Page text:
The rest of that day was like an extra long Sunday.  You know those days when you don't really have anything to do, and the time just drags.  I remember falling asleep around 2p.m. and waking up thinking I had been having an unbelievable dream.  But I was still in the narrow hospital bed, and my parents were still sitting staring at me, and it was only 2:45p.m.  We waited all day to hear some word from some doctor, but nothing.  Just after supper I was told that I was being moved up the 8th floor, because the doctors that I would be dealing with mostly worked up there. So then instead of sharing a room with one other woman, I was moved into a room with three other women.

Paula Conrad was in the bed directly across from me, and I soon realized that her husband, Brian would also be spending the night with us.  They taught me about real, true, never settle for anything less kind of love, and I still love them so much for how much they shared with me.  That first night on the 8th floor I felt like I was spying on them as I watched Brian put cool facecloths on Paula's forehead, and brought her cool drinks when she said she was dry.  As the night got worse for her, Brian brought her a wash basin so she could get sick, and when she did not want to use a bed pan he carried her to the bathroom.  Every time she would get  sick, he would get a facecloth and clean her face, and wipe her neck and chest off.  I had never seen such tenderness and I felt like an intruder. 

The other two room mates shared their stories over breakfast the next day, but you know, I never asked Paula what kind of cancer she had, even though she was so sick, she never talked about it.  Instead the next morning she got Brian to get a wheel chair and take her out into the sunshine to start her day.  They landed back with a get well card and a troll doll for me that had rainbow colored hair, and was holding a get well sign.  Troll dolls were kind of "in" at the time, but I had never seen one before, but I liked his chubby cheeks and evil grin.  And how nice of this couple to go buy me something when I had just seen them both put in a night from hell.  They sat on Paula's bed and talked about the nice day, and pulled out some magazines, all with covers of Elvis Presley.  Neither of them knew I was a huge Elvis fan, my friends and family had picked on me about my love of him for years.  I immediately felt even closer to them, and we talked about how they had been able to see him in concert before he died.  I could not help thinking these were maybe some of the coolest people I had ever met, how lucky was I to have such a great room mate!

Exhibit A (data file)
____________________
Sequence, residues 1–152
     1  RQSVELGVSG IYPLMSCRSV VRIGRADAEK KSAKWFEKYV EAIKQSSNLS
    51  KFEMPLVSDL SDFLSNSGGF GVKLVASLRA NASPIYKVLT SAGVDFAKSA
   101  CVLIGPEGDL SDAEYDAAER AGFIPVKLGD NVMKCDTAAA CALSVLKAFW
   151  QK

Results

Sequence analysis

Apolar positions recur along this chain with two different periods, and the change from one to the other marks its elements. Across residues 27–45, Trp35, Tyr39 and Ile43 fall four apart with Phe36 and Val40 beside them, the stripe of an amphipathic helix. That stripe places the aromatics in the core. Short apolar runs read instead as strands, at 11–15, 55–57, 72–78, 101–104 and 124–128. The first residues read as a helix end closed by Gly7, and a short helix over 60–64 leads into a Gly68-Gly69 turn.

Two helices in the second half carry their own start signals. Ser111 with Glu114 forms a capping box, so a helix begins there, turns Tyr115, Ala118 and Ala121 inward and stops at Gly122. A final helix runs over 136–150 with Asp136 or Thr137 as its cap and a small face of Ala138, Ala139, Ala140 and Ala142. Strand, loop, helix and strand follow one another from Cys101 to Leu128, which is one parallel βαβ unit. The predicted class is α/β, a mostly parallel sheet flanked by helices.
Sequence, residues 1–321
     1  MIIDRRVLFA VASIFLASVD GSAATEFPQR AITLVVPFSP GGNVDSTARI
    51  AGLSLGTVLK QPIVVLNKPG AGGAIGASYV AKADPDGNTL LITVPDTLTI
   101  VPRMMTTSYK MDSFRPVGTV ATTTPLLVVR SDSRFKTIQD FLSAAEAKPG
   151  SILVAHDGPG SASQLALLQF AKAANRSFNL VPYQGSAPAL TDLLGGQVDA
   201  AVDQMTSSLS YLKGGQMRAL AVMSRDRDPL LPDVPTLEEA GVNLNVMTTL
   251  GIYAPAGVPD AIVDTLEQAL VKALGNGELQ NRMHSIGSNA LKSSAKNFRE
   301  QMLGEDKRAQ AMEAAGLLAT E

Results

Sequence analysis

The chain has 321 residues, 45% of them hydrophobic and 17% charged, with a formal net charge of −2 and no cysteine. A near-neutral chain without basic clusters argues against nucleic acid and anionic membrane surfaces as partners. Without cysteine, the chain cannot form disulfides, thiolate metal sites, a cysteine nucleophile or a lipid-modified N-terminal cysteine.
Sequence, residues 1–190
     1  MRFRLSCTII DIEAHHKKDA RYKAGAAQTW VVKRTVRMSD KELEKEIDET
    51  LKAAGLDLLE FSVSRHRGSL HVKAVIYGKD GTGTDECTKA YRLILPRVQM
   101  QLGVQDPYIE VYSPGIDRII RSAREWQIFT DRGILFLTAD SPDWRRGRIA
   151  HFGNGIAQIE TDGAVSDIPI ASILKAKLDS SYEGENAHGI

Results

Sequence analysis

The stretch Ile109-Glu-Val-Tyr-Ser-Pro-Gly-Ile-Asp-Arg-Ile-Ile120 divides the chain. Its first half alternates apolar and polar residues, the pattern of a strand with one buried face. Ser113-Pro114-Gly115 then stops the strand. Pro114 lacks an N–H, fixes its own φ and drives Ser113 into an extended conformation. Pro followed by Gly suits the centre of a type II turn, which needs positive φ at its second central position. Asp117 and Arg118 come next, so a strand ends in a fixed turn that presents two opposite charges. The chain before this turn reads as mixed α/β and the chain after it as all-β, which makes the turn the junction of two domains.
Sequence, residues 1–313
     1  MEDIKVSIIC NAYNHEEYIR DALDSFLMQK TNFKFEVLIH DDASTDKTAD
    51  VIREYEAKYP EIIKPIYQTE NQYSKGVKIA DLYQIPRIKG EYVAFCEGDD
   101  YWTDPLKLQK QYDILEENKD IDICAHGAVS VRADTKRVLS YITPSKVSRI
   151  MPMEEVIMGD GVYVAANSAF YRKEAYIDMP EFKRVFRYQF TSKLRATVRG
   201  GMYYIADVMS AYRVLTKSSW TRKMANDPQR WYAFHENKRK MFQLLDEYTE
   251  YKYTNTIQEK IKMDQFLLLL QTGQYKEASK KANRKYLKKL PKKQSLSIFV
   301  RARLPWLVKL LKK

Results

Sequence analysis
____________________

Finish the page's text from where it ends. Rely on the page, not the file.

By the time Mom and Dad arrived I had made some new best friends.  I had arrived Wednesday, and Friday morning I had my first visitors.  Who was it?  And was it a sign of some kind?  I thought nothing of it at the time, but it was Tim's, Craig, and his father, Cliff.  Tim is now my husband.  I did not know his father very well, but I loved his brother dearly, so I was both surprised, and happy to see them both.  But we had only just started to chat when a group of doctors came in and asked if they could talk to me.  It was my introduction to Dr. Tom Neville, but he was with a group of about six residents, and they were kind of talking over and around me about what tests had been done, and what would be done next.

Just as they were finishing up was when my parents arrived, and Doctor Neville asked if he could talk to all of us in  a small room at the end of the hallway.  As I shuffled my way down the hall, I turned back to see Craig still standing there with Cliff, and I remember thinking I would rather go and sit and chat with them then listen to what this doctor was going to say. 

Doctor Tom Neville closed the door behind us and asked us to sit down, and you could feel a heaviness descend on the room.

1 comment:

  1. Hi Verna. Amazing story - brings back memories of "making our the trip" to Halifax. I am glad you're sharing yours - may it give others hope.